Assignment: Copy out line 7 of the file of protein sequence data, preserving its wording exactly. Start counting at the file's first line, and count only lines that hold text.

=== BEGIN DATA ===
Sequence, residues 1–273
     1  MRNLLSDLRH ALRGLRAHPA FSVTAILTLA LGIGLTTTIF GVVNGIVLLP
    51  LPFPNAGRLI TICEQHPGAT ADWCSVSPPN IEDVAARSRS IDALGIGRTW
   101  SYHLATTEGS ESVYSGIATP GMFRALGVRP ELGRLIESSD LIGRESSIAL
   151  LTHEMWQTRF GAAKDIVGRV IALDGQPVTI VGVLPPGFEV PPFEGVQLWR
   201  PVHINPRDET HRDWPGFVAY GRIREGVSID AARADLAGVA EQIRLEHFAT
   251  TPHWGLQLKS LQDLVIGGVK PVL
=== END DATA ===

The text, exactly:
   251  TPHWGLQLKS LQDLVIGGVK PVL